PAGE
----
Tragedy and Comedy: A Systematic Study and a Critique of Hegel

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SUNY Press, 01.01.1998 - 450 Seiten
In the first evaluation and critique of Hegel's theory of tragedy and comedy in any language, Mark William Roche points out the strengths and weaknesses of Hegel's positions while developing an original theory of both genres. Along with its theoretical discussions, the book weaves together in an entertaining and provocative way commentary on an array of artworks, from Greek drama to contemporary American cinema, with a particular focus on modern European and especially German drama. What emerges from this study is not only a clearer picture of Hegel's strengths and weaknesses but an original study of tragedy and comedy that will be studied along with other modern classics such as those of Peter Szondi and Northrop Frye.
 

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Inhalt

III
1
V
7
VI
12
VII
21
VIII
27
IX
32
X
35
XI
39
XXXIV
183
XXXV
196
XXXVI
205
XXXVII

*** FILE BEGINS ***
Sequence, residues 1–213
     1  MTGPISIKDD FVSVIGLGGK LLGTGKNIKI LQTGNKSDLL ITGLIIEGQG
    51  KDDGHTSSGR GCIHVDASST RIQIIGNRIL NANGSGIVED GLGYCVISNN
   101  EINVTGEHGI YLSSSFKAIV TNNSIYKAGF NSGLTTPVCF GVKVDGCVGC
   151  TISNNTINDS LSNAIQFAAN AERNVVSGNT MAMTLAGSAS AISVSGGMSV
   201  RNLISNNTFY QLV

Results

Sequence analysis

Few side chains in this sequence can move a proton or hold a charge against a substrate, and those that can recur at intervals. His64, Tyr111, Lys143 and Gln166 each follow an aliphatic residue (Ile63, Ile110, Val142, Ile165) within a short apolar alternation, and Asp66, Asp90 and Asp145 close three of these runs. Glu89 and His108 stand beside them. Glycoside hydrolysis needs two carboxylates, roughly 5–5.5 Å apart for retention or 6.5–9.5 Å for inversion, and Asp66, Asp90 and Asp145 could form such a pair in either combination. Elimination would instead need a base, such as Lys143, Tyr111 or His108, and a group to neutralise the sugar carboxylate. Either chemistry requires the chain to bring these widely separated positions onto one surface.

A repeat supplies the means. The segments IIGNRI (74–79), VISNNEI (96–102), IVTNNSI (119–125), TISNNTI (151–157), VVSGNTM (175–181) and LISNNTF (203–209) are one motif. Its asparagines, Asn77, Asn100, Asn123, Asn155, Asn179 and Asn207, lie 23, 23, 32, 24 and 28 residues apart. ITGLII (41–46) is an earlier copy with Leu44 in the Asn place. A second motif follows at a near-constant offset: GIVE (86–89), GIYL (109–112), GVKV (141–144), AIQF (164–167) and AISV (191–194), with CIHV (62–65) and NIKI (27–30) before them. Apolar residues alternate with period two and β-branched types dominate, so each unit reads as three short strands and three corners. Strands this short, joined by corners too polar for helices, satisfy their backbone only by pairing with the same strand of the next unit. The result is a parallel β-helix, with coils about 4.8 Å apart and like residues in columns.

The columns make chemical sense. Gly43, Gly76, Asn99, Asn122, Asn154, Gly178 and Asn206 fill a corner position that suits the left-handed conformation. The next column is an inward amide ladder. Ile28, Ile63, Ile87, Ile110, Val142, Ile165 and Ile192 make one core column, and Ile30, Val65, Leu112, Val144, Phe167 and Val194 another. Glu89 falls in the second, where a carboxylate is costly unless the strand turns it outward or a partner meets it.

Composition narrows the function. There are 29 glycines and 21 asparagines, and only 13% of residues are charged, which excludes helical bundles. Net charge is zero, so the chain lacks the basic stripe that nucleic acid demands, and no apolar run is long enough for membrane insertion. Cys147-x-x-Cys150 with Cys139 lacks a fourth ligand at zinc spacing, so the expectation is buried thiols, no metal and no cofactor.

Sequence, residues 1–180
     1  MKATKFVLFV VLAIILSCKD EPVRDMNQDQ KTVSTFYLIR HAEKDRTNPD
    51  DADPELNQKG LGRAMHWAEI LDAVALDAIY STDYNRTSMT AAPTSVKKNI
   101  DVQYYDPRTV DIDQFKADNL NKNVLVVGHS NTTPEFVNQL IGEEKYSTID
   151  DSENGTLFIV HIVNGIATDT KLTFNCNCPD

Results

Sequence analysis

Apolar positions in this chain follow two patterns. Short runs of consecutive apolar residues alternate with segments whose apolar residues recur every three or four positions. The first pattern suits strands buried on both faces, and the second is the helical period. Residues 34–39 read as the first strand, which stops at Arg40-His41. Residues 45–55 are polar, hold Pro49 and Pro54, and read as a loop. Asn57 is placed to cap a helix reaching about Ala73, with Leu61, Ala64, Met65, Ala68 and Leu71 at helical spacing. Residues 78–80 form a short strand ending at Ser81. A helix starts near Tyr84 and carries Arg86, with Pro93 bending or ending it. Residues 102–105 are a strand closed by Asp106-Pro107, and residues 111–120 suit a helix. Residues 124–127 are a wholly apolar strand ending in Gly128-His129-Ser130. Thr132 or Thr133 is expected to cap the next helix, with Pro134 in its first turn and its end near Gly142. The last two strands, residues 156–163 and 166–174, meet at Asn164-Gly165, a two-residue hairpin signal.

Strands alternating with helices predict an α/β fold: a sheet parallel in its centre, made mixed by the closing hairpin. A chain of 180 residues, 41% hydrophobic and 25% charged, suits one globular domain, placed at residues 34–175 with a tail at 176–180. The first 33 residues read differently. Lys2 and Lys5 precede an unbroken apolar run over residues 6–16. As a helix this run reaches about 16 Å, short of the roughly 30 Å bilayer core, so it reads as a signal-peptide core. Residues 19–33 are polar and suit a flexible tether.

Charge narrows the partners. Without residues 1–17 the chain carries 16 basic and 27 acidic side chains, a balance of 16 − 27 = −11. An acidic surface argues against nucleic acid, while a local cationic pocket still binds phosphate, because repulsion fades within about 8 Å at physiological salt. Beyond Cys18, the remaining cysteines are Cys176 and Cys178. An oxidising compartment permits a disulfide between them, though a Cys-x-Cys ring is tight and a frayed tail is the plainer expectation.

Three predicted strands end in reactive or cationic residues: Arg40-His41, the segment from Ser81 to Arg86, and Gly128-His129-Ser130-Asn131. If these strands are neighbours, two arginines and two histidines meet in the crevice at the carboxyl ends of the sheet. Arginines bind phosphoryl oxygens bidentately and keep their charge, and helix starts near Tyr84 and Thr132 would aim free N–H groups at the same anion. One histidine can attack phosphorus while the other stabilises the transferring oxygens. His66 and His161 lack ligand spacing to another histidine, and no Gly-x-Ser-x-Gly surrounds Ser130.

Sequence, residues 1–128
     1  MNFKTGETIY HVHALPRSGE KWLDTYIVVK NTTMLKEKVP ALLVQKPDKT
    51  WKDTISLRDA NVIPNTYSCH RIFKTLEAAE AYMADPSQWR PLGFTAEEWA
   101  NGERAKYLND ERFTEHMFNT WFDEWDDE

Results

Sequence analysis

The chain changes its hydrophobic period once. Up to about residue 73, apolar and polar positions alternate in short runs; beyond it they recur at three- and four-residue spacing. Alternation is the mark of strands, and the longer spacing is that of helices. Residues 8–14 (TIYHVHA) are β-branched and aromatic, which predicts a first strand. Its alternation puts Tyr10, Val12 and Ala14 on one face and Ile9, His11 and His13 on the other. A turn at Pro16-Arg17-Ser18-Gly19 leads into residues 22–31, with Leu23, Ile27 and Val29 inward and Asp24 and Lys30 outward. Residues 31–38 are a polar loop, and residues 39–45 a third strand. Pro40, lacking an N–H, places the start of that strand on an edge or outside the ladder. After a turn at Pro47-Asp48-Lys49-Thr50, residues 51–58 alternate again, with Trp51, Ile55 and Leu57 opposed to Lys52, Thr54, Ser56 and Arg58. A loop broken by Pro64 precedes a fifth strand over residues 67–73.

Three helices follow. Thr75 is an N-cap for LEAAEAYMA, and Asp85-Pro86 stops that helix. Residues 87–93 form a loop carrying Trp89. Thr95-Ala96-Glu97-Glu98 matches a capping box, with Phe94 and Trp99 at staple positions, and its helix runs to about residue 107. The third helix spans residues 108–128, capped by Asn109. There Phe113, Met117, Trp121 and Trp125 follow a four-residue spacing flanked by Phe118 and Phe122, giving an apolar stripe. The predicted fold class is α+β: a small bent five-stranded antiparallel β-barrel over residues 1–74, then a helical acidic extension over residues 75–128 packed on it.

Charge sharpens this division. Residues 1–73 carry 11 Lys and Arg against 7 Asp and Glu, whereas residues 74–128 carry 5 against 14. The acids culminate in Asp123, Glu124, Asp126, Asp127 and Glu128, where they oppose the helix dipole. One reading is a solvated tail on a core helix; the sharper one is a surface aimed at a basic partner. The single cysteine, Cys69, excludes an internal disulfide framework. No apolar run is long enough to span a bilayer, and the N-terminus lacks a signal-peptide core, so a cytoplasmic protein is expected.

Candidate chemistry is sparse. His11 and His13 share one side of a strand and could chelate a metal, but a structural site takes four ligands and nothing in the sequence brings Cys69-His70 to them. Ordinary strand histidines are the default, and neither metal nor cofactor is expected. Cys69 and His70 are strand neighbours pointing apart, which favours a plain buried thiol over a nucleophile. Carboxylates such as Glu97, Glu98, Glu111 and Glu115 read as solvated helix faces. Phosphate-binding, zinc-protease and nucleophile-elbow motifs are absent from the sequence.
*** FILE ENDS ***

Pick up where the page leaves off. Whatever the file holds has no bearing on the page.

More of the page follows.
235
XXXVIII
247
XLI
248
XLII
250
XLIII
255

XII
45
XIII
49
XV
51
XVI
60
XVII
64
XVIII
66
XIX
67
XX
69
XXI
70
XXII
79
XXIII
91
XXIV
103
XXV
108
XXVI
118
XXVII
126
XXVIII
135
XXXI
140
XXXII
150
XXXIII
162
XLIV
264
XLV
270
XLVI
272
XLVII
274
XLVIII
277
XLIX
281
LII
288
LIII
297
LV
308
LVI
311
LVIII
313
LIX
321
LX
327
LXI
333
LXII
335
LXIII
409
LXIV
441
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Über den Autor (1998)

Mark William Roche is I. A. O'Shaughnessy Dean of the College of Arts and Letters, the Reverend Edmund P. Joyce, C.S.C. Professor of German Language and Literature and Concurrent Professor of Philosophy at the University of Notre Dame. Roche is the author of Dynamic Stillness: Philosophical Conceptions of Ruhe in Schiller, Holderlin, Buchner, and Heine and Gottfried Benn's Static Poetry: Intellectual-Historical and Aesthetic Interpretations.

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